Creation of an encapsulated space for cross-racial nurse-practitioner-patient relationships

2.50
Hdl Handle:
http://hdl.handle.net/10755/160387
Type:
Presentation
Title:
Creation of an encapsulated space for cross-racial nurse-practitioner-patient relationships
Abstract:
Creation of an encapsulated space for cross-racial nurse-practitioner-patient relationships
Conference Sponsor:Midwest Nursing Research Society
Conference Year:2003
Author:Benkert, Ramona
Contact Address:College of Nursing, 370 Cohn, 5557 Cass Avenue, Detroit, MI, 48201, USA
Introduction: Literature increasingly documents racial and ethnic disparities in US health care. Communication patterns between provider and patient are reported as influencing these health disparities. When the individuals in the dyad are from different racial groups, communication can be fraught with misunderstandings and cultural mistrust. Limited and conflicting knowledge exists on cross-racial nurse practitioner (NP) and patient dyads in primary care settings. Purpose: The purpose of this paper is to describe how NPs and patients came to and through cross-racial relationships to develop long-term primary care partnerships. Design/Paradigm: The qualitative design incorporated a social constructivist paradigm and the methodology of Interpretive Interactionism. History, ideology and emotions of the interactants, as well as, everyday race relations are the basis for interpretations of these primary care NP-NPRs. Methods: Twenty cross-racial patient-NP dyads (Black patients and White NPs) participated in individual 1 to 3-hour audiotaped interviews regarding their ongoing relationships and the impact of a nurse-managed center (NMC) on the process. The data analysis and interpretation incorporated the processes recommended by Denzin, which included bracketing, constructing and contextualizing the phenomena. Results: The analysis uncovered a rich description of the pre-relationship developmental process of dyad members and the values of the NMC. The relationship processes from initial meeting to present are described, as are the four typologies of the NP-NPRs. The overall theme of the processes is “Creation of an Encapsulated Space”. The space facilitated the relationships in the context of a primary care NMC across racial boundaries. Conclusion: Significant relationship and self-reflection work is needed by both partners to overcome US race relations, local contextual aspects of cross-racial interactions and overt and covert perceptions. AN: MN030112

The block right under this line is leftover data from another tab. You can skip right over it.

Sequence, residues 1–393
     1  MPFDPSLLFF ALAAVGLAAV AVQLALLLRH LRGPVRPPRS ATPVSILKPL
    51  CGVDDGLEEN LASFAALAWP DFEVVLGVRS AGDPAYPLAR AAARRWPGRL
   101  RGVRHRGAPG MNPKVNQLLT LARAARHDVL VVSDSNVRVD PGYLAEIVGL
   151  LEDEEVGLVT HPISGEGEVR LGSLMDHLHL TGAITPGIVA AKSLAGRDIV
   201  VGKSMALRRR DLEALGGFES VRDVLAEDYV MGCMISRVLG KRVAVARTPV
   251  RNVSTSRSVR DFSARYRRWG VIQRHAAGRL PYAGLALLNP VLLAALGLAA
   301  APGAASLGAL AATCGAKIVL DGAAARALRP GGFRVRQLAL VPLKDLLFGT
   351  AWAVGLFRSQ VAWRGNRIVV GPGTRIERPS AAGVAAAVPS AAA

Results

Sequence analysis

Repository Posting Date:
26-Oct-2011
Date of Publication:
17-Oct-2011
Sponsors:
Midwest Nursing Research Society

Full metadata record

DC FieldValue Language
dc.typePresentationen_GB
dc.titleCreation of an encapsulated space for cross-racial nurse-practitioner-patient relationshipsen_GB
dc.identifier.urihttp://hdl.handle.net/10755/160387-
dc.description.abstract<table><tr><td colspan="2" class="item-title">Creation of an encapsulated space for cross-racial nurse-practitioner-patient relationships </td></tr><tr class="item-sponsor"><td class="label">Conference Sponsor:</td><td class="value">Midwest Nursing Research Society</td></tr><tr class="item-year"><td class="label">Conference Year:</td><td class="value">2003</td></tr><tr class="item-author"><td class="label">Author:</td><td class="value">Benkert, Ramona</td></tr><tr class="item-address"><td class="label">Contact Address:</td><td class="value">College of Nursing, 370 Cohn, 5557 Cass Avenue, Detroit, MI, 48201, USA</td></tr><tr><td colspan="2" class="item-abstract">Introduction: Literature increasingly documents racial and ethnic disparities in US health care. Communication patterns between provider and patient are reported as influencing these health disparities. When the individuals in the dyad are from different racial groups, communication can be fraught with misunderstandings and cultural mistrust. Limited and conflicting knowledge exists on cross-racial nurse practitioner (NP) and patient dyads in primary care settings. Purpose: The purpose of this paper is to describe how NPs and patients came to and through cross-racial relationships to develop long-term primary care partnerships. Design/Paradigm: The qualitative design incorporated a social constructivist paradigm and the methodology of Interpretive Interactionism. History, ideology and emotions of the interactants, as well as, everyday race relations are the basis for interpretations of these primary care NP-NPRs. Methods: Twenty cross-racial patient-NP dyads (Black patients and White NPs) participated in individual 1 to 3-hour audiotaped interviews regarding their ongoing relationships and the impact of a nurse-managed center (NMC) on the process. The data analysis and interpretation incorporated the processes recommended by Denzin, which included bracketing, constructing and contextualizing the phenomena. Results: The analysis uncovered a rich description of the pre-relationship developmental process of dyad members and the values of the NMC. The relationship processes from initial meeting to present are described, as are the four typologies of the NP-NPRs. The overall theme of the processes is &ldquo;Creation of an Encapsulated Space&rdquo;. The space facilitated the relationships in the context of a primary care NMC across racial boundaries. Conclusion: Significant relationship and self-reflection work is needed by both partners to overcome US race relations, local contextual aspects of cross-racial interactions and overt and covert perceptions. AN: MN030112 </td></tr></table>en_GB
dc.date.available2011-10-26T22:53:41Z-
dc.date.issued2011-10-17en_GB
dc.date.accessioned2011-10-26T22:53:41Z-
dc.description.sponsorshipMidwest Nursing Research Societyen_GB
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